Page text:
O’Keefe, Malabuyo ready to compete for junior U.S. title at P&G Championships
posted on 08/17/2017

By Doug Padilla

ANAHEIM, Calif. – Calling her junior national championship last year “surreal,” while also likening it to a dream, Maile O’Keefe will have a different perspective as she goes for a repeat title, starting today, at the P&G Gymnastics Championships.

A second consecutive victory would be nice, but what O’Keefe really has on her mind is advancing to the next level.

“I don’t think it gives me much more confidence,” O’Keefe said this week about her junior national championship in 2016. “I’m not trying to win, I’m just trying to make national team. That’s really all that matters to me right now.”

While that might have a little been-there-done-that ring to it, her national team aspirations say plenty about her competitive spirit. For as storied as the U.S. women’s gymnastics has been, the program is as powerful as it has ever been. Working your way into that group is no easy task.

“It’s really exciting knowing that I am coming through at the peak of USA Gymnastics,” O’Keffe said. “And it’s also really tough because you have to keep up to that standard and keep achieving at your best.”

In that sense, it is no wonder that O’Keefe is not satisfied repeating accomplishments from the past. She has so much to achieve ahead of her.

“Mentally, you just have to stay strong and know that you can’t slip and come back or relapse,” she said.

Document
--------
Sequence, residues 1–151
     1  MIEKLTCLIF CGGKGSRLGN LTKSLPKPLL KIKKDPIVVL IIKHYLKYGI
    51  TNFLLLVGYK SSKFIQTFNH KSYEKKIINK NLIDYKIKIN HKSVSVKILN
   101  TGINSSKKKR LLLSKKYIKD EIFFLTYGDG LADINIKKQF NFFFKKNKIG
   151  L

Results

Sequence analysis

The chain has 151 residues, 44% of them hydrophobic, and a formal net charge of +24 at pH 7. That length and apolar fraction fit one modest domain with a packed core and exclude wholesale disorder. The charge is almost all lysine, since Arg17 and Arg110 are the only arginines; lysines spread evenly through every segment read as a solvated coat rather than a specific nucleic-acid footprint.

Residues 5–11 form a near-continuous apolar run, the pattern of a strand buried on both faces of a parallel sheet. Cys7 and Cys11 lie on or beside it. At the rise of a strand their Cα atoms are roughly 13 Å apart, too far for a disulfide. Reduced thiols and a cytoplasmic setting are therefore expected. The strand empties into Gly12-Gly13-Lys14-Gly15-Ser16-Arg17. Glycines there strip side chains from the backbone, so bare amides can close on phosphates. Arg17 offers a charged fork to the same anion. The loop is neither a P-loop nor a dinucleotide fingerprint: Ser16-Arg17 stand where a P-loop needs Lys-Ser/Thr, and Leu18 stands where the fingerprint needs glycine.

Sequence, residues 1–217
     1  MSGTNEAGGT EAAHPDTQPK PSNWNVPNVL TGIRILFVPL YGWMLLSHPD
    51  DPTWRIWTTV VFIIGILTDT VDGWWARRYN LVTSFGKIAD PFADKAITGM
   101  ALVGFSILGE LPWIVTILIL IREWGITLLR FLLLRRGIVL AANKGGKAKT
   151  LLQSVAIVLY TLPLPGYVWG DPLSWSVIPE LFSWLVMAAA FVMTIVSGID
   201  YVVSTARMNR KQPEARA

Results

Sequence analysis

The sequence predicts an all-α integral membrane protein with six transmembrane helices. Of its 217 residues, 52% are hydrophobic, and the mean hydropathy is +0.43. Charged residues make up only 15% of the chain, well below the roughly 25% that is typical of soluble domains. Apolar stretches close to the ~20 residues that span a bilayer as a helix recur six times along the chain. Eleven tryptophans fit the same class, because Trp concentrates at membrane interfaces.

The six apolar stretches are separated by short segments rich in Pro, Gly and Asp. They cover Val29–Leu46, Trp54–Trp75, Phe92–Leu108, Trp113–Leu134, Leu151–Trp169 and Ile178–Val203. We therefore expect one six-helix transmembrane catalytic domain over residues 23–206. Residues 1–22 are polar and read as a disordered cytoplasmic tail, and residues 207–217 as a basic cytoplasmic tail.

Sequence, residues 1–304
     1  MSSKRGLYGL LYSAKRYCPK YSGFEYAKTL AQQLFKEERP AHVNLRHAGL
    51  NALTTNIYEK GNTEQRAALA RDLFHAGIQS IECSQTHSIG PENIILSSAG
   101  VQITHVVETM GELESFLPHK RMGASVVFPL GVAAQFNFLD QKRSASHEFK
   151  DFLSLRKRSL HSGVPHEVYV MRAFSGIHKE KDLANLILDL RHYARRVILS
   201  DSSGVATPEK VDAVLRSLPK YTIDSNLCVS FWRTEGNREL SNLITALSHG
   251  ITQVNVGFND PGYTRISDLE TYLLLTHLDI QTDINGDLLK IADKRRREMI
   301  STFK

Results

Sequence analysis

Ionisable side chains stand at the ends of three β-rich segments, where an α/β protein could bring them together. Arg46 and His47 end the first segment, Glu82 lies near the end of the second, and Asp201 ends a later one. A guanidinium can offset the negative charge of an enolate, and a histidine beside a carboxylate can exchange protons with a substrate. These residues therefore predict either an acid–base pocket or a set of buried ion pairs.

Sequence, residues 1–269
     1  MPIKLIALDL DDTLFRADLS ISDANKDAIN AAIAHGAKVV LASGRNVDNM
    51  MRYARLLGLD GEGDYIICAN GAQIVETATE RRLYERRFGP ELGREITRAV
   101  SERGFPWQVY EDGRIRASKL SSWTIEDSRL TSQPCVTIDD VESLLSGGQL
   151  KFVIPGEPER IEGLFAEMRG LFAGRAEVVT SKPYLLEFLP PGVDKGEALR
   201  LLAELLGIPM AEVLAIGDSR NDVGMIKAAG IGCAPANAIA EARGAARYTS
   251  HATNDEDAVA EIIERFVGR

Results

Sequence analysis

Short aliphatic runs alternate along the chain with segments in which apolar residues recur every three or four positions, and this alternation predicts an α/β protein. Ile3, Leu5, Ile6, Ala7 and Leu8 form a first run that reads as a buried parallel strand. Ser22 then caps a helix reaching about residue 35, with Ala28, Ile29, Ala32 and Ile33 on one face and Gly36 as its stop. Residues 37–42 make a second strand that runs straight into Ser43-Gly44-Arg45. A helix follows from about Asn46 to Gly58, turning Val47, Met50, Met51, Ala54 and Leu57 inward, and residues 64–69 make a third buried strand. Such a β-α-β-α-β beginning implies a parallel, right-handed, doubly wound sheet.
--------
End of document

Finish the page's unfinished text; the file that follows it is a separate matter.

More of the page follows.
That mentality itself could lead to a back-to-back junior national title, even if she isn’t completey focused on it. Standing in her way could be a potential co-favorite in Emma Malabuyo, the all-around winner at the U.S. Classic in Chicago.

Malabuyo also has national team dreams, admitting somewhat sheepishly that the 2020 Olympic team is in her sights, even if most tend to keep that kind of aspiration somewhat private.

“I’m growing so much, on the bars especially,” Malabuyo said. “I was thinking about a year ago, or even six months ago, ‘I will never be able to do this bar routine.’ But when I got taller, I could see that I was getting stronger, I was getting used to my height and it was easier. I finally started getting new skills.”

And as those five Olympic rings have started to come into focus, Malabuyo continues to add even more difficulty to her routines.

“I actually think about the Olympics almost every day,” she said. “That’s my goal so every day that’s what motivates me and that’s what pushes me. So every day I’m like ‘You want to be here.’ So every day that’s in my mind and I try pushing myself because of that goal.”